Why I Fell in Love with His Smile Lines.

Posted on Posted in How to Love & Be Loved.

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We were sitting at the dinner table when I first noticed the fine lines around his eyes.

I noticed how they splayed from the outer corner, up to his eyebrows and down to the upper-most part of his cheeks.

I felt the tears spring to my own eyes.

I counted them: one, two, three, four, five (like my daughter counting on her fingers)—and I felt lucky to have been a small part of those lines.

I’ve been there through our 14-year-old-concert-in-Detroit days—those moments in our high-school lives when seeing our favorite indie bands was heart-crashingly important and special.

I’d been there through saw-him-move-across-the-country hours—those days that led up to his move to New Mexico for his first Master’s degree, when every day felt soft around the edges and painful-slash-crisply beautiful because he was leaving me for several months until I joined him.

We’ve been together through more life moments than I can count (one, two, three, four, five…) and those lines—in that one perfect instant at the dinner table—those lines said so much.

They said, “I love you,” “I hate you,” “I need you,” “I want you,” “you are me,” and so many others.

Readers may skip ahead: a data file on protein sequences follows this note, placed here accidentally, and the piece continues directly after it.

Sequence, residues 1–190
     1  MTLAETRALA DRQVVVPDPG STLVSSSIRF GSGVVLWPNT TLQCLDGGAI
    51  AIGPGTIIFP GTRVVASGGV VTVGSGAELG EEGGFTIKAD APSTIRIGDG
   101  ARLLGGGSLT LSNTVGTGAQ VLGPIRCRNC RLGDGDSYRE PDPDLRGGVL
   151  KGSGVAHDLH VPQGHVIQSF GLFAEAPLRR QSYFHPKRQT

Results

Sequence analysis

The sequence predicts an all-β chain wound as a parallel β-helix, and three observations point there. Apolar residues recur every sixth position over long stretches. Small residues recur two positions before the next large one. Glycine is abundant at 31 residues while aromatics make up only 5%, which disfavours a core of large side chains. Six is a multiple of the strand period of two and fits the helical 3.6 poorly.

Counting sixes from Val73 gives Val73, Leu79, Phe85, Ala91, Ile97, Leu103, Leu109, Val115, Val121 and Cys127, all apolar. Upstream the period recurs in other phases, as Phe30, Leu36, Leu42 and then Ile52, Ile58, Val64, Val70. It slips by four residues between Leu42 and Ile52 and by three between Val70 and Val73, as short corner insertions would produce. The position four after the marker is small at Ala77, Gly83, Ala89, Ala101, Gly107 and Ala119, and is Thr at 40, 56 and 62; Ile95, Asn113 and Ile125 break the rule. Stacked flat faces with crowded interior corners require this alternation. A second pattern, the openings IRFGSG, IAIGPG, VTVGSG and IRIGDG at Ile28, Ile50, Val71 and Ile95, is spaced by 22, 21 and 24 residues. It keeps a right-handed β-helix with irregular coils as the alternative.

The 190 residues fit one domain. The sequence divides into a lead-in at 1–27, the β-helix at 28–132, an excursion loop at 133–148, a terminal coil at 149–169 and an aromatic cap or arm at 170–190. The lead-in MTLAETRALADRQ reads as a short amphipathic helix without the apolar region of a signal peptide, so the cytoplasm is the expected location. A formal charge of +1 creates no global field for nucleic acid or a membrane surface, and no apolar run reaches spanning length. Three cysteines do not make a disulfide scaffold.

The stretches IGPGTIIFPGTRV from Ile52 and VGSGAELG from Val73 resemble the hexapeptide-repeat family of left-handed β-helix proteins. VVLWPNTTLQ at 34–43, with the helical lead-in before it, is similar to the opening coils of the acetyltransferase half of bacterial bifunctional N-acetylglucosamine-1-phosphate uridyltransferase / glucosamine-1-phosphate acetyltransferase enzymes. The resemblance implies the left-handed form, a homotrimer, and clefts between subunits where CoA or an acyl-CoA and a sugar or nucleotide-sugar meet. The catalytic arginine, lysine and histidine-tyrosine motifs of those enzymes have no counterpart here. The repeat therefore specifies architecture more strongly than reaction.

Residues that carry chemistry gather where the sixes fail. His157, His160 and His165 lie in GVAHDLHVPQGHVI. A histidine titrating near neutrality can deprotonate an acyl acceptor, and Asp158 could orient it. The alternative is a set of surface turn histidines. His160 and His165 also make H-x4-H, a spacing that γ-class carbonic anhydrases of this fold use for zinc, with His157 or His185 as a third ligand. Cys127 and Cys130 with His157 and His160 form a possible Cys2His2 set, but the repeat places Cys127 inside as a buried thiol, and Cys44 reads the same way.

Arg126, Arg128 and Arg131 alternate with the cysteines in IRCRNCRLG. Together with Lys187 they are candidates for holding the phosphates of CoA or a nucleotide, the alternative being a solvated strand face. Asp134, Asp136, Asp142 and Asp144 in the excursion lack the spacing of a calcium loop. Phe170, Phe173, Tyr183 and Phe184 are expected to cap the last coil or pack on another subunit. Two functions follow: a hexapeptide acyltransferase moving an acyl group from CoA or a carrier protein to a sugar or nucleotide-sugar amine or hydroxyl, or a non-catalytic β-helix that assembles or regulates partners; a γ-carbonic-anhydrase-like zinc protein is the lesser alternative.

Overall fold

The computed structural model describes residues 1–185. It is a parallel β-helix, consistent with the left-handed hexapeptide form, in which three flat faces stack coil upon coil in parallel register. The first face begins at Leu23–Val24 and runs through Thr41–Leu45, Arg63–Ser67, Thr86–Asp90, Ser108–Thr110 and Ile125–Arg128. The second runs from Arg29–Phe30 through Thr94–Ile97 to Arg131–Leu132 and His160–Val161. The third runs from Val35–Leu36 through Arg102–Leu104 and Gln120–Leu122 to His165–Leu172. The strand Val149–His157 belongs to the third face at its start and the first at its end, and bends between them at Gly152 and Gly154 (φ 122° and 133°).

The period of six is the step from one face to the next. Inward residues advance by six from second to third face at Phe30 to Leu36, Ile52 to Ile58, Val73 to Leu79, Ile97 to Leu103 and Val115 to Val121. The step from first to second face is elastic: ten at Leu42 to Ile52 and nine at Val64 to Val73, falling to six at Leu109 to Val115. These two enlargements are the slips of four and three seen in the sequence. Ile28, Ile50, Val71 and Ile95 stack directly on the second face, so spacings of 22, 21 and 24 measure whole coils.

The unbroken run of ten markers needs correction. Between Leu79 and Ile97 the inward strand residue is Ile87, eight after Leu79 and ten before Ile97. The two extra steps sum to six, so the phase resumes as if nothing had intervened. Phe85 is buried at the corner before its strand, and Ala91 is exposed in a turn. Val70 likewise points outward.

And these tiny, little creases in our softest of skin—that we can some how, perversely, see as imperfections—made me smile as the salty tears pricked the backs of my eyes.

I smiled with the knowledge that our current days, of our marriage becoming secondary to our children, and our exercise time never feeling quite like enough, and our lives moving so fast that these lines could be perceived as something to mourn rather than celebrate—I smiled, knowing that all of these life-pieces are temporary, and I teared up because this is both beautiful and devastating.

And I look at the creases of his eyes, as he tilts his head back and roars with laughter at something I’ve said, and I hope in the deepest crook of my heart that there are many more lines to come.

 

Photos: Author’s own; Flickr/Philip Bitnar.

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